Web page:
Astronaut Shares Shuttle Experiences With ATA AudienceNEW ORLEANS -- Former astronaut Sally Ride urged American Teleservices Association members yesterday to support young girls who are interested in math and science in getting the education they need to compete in high-tech fields.
Ride, who gave the keynote speech at the opening general session of the association's 19th Annual Convention & Exhibition here, said that many high-tech businesses try to recruit women at the college level but find the population of qualified prospects is limited. The problems originate at the middle school level, when girls encounter an educational environment that encourages boys to get interested in math and science but dissuades girls. For earlier grades, Ride said, surveys have shown that girls display an equal interest as boys in math and science.
"Starting at the fifth- or sixth-grade level, girls encounter a slightly different sociological environment than boys do," Ride said.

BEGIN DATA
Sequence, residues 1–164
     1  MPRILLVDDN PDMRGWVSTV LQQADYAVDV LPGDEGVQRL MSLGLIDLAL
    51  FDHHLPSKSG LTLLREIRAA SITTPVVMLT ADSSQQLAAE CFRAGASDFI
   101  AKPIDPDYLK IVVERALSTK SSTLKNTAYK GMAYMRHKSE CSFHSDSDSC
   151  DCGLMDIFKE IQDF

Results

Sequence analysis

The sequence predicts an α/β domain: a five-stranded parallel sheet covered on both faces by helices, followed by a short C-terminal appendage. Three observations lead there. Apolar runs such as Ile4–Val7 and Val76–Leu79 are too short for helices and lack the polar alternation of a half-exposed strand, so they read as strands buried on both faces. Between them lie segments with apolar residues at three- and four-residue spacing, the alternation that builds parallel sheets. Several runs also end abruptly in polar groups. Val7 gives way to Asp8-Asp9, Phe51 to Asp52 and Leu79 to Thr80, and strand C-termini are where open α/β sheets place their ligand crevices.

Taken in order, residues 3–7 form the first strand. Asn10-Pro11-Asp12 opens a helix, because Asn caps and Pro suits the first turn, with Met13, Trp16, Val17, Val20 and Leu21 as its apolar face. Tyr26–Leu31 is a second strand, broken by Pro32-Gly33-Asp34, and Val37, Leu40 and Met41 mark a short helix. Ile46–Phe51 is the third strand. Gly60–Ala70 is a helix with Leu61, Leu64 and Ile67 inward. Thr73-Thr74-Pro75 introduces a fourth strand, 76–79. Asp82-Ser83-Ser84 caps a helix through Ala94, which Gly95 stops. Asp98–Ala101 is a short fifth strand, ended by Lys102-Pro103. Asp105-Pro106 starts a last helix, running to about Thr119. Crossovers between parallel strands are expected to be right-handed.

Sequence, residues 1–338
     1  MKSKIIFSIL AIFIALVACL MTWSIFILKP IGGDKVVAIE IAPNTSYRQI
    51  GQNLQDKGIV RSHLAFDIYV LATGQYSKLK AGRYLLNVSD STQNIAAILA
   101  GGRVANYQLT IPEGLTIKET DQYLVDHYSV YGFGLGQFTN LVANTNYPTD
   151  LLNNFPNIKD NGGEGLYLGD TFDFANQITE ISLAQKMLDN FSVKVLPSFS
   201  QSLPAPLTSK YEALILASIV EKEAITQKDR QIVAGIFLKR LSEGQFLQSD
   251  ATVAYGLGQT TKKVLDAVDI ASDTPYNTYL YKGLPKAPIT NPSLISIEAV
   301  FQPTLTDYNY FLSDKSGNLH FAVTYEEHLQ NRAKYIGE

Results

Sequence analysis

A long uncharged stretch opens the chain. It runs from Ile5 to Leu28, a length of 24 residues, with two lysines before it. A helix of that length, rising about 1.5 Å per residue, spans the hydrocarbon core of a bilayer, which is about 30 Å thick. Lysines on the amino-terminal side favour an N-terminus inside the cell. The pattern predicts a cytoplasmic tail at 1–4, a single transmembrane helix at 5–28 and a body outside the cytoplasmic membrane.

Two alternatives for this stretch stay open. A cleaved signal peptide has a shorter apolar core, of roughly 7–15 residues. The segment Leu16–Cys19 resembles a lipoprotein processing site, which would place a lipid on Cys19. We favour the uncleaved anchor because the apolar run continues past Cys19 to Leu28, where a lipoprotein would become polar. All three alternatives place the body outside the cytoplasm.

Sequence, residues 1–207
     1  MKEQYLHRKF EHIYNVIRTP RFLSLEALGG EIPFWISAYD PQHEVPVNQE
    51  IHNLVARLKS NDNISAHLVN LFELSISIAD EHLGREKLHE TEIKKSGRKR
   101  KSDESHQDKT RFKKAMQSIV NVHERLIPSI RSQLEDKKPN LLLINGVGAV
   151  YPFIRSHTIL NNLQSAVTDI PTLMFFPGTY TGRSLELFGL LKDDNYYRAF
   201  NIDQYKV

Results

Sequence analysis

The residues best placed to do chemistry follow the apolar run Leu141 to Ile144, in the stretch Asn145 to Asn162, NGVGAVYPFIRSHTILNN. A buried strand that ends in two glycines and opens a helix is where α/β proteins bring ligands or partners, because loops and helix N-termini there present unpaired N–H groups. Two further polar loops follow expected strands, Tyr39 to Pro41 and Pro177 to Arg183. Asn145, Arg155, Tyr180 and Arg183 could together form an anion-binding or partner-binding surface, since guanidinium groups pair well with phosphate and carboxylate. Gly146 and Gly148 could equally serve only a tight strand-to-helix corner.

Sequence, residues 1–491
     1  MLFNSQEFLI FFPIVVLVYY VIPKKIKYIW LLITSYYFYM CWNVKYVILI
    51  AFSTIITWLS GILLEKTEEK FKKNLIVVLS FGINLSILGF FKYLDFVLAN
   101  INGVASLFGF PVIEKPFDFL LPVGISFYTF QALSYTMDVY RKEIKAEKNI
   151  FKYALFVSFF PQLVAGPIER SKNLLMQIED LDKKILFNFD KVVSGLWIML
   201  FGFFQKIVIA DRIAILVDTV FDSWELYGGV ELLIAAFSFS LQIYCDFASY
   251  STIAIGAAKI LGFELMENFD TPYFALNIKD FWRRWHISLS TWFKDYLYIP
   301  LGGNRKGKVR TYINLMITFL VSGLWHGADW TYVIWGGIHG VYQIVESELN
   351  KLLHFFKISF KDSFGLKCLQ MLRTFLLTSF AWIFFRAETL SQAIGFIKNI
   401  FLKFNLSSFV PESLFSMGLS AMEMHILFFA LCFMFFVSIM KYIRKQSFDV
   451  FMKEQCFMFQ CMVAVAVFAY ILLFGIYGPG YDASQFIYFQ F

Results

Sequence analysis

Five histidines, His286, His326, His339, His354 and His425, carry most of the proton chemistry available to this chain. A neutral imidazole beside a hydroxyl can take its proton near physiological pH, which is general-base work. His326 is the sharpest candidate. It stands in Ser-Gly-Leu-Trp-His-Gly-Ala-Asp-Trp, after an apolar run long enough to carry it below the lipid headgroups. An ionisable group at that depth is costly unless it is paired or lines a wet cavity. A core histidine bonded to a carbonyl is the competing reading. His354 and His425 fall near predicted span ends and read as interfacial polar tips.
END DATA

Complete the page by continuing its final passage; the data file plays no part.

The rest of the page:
Ride urged ATA members to support Imaginary Lines Inc., a foundation that promotes science and math education for girls.
Ride, who flew in the space shuttle Challenger in 1983 and 1984, was in a class of new astronauts that included the first female astronauts in the U.S. space program. Four members of that class died when the Challenger exploded shortly after takeoff in 1986.
Ride spent much of her presentation on a slideshow of pictures taken during her space flights. While most people envision the view of Earth from space as the famous "big blue marble" photograph taken from the Moon by Apollo astronauts, the view from the shuttle, which flies much nearer to the Earth than the Moon, is more detailed, Ride said.
From the shuttle's vantage point about 200 miles above the planet, the curvature of the Earth is just barely noticeable, and it's possible to view human-built structures on the ground, such as bridges. Ride's slideshow, which drew appreciative "oohs" and "aahs" from the crowd, included scenes of wildfires over Brazil, a typhoon in the Indian Ocean, the glow of streetlights at small towns in the Midwest at night and one of the "sunsets" that occur every 90 minutes as the space shuttle orbits the Earth.